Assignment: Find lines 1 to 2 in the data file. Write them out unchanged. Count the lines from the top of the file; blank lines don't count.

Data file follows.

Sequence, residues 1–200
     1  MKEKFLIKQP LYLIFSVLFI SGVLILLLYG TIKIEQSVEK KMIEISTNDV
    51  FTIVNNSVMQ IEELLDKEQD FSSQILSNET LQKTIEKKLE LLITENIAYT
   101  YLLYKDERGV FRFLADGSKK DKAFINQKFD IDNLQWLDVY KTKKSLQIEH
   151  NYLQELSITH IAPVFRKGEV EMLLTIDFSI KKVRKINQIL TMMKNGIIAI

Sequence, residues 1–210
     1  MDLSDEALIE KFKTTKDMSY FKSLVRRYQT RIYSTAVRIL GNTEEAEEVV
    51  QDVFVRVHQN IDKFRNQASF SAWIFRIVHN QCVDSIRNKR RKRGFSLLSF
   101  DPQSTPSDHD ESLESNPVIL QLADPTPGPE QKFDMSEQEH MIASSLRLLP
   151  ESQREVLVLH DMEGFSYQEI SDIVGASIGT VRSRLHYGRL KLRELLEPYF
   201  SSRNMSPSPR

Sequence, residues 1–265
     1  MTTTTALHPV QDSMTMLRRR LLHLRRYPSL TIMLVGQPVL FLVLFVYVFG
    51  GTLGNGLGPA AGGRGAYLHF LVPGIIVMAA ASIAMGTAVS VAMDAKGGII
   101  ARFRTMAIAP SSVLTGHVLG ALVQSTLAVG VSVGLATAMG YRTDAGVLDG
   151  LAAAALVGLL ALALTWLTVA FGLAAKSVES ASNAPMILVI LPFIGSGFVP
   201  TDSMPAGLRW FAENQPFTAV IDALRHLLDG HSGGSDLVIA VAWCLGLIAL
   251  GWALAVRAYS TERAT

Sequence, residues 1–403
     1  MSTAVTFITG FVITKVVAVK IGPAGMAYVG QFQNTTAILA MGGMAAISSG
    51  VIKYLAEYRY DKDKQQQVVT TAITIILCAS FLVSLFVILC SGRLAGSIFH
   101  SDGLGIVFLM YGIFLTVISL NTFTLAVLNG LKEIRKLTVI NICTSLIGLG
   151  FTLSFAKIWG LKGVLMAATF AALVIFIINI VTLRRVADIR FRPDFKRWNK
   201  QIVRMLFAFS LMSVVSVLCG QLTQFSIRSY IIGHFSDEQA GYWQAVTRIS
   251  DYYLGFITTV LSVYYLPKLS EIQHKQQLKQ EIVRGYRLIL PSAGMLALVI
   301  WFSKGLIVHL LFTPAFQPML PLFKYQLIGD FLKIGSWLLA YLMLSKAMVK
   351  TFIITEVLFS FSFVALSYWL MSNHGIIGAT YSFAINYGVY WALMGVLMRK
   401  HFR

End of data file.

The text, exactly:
Sequence, residues 1–200
     1  MKEKFLIKQP LYLIFSVLFI SGVLILLLYG TIKIEQSVEK KMIEISTNDV